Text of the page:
Canadian row erupts over end to party financing

Thu Nov 27, 2008 2:06pm EST
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By Randall Palmer

OTTAWA (Reuters) - The Canadian government is considering ending public subsidies of federal political parties, Conservative sources signaled on Thursday, an explosive move with the potential to trigger an election.

But the main opposition Liberal Party indicated after an emergency meeting that although it would be hobbled by the move, it would likely not bring down the government over it at a time of economic crisis.

"It's not a question of defeating the government," Liberal Member of Parliament Gerard Kennedy told reporters after an emergency caucus meeting to consider how to respond to it. "It's a question of pressing the government to act (on the economic crisis)."

A number of media outlets, including the Globe and Mail newspaper and the Canadian Broadcasting Corp, reported on Thursday that the government plans to eliminate government funding of political parties in a move that it would bill as a cost-saving measure.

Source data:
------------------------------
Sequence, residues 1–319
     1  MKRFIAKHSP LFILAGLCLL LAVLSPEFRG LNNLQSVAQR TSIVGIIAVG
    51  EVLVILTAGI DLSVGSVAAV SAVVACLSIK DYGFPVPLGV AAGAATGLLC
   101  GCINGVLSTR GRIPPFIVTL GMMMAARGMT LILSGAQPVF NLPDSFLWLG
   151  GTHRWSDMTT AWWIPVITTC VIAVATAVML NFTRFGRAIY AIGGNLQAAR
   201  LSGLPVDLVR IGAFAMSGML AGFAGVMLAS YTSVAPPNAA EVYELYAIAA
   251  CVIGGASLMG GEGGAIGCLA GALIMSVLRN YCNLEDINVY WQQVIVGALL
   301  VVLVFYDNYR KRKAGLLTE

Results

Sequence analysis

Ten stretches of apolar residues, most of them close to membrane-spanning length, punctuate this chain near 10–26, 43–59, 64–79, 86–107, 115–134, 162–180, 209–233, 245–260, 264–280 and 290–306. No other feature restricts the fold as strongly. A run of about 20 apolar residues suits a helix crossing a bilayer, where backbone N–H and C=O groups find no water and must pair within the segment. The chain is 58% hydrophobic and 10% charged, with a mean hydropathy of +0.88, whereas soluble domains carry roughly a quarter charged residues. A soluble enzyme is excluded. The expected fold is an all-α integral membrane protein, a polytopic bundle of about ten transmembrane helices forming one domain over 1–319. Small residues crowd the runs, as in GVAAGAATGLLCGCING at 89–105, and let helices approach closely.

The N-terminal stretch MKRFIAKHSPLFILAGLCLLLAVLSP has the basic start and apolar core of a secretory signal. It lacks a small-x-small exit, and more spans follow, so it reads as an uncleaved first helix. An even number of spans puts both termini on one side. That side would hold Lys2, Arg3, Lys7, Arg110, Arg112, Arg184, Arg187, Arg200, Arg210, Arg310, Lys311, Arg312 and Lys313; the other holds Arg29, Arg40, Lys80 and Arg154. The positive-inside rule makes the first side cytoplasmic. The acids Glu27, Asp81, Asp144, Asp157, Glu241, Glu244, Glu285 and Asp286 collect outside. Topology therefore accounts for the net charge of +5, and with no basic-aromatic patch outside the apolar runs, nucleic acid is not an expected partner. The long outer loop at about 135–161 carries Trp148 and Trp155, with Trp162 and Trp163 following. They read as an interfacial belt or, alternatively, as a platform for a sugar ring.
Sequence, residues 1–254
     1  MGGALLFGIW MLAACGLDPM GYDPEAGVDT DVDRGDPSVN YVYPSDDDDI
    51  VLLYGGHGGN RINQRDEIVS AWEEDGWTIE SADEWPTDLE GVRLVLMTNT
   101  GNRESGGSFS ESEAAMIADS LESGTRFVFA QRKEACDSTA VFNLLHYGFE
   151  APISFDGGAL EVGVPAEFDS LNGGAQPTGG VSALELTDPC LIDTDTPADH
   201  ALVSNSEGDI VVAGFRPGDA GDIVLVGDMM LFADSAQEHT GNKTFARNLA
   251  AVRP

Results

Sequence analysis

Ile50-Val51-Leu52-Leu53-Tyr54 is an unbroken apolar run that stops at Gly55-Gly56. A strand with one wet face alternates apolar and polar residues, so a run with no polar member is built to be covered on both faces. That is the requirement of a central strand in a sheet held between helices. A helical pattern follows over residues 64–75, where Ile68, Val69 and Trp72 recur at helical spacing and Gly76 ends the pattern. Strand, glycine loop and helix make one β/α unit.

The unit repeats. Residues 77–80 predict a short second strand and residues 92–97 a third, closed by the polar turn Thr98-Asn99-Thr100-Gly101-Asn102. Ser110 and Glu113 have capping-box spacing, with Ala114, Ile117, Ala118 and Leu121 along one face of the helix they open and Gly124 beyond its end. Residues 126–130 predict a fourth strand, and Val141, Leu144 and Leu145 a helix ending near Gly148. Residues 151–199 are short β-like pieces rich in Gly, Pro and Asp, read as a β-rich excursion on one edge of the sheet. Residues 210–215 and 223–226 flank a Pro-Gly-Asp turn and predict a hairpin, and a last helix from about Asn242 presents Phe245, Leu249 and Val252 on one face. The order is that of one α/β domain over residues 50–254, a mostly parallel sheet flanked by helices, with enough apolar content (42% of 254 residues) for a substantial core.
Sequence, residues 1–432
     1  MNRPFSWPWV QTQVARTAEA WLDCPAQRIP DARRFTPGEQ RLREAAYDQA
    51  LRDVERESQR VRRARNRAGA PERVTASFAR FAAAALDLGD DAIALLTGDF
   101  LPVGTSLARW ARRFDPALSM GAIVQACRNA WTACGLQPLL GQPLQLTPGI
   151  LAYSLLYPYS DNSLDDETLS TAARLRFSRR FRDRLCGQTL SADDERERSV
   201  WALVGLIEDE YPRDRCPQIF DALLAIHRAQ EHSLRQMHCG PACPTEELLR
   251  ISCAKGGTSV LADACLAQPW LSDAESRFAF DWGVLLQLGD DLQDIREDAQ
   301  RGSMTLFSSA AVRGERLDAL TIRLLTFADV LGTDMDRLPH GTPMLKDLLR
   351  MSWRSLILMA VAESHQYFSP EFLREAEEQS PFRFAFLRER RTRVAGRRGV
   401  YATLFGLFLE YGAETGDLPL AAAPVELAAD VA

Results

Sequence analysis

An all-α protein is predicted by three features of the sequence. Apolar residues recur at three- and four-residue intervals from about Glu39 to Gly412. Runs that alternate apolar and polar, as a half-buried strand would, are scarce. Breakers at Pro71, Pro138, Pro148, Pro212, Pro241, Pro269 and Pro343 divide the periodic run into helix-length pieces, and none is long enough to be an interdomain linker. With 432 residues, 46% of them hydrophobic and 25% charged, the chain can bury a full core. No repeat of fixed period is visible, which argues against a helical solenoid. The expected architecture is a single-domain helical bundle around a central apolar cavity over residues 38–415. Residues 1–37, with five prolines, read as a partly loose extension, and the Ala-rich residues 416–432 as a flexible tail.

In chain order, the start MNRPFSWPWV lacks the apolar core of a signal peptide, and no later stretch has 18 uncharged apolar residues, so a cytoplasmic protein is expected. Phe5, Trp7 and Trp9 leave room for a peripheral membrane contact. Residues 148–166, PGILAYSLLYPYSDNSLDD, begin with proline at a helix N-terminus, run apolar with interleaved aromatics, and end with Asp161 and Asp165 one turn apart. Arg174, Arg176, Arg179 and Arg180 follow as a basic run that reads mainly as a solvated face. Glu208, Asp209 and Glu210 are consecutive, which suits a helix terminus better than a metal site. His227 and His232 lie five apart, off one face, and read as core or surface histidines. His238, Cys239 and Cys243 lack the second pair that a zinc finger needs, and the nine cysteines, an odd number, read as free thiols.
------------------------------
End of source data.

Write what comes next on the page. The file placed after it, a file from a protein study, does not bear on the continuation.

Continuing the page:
When asked about the reports, Conservative Defense Minister Peter MacKay told reporters: "Our party is obviously taking the biggest hit ... We recognize that there are tough economic times ahead, so as a result we all have to make sacrifices."

Under the current system, each party receives C$1.95 ($1.59) a year for each vote obtained in the last election. That would give the Liberals C$7 million next year and the Conservatives C$10 million.

However, the move would hit the opposition parties much harder than the Conservatives as a proportion of their financing since the other parties have a smaller base of donors and rely more on the subsidies.

The measure would be advanced as part of the government's fiscal and economic update to be presented later on Thursday.   Continued...

<p>Canada's Prime Minister Stephen Harper talks to the media after the signing of a free trade agreement between Colombia and Canada in Lima November 21, 2008. REUTERS/Enrique Castro Mendivil</p>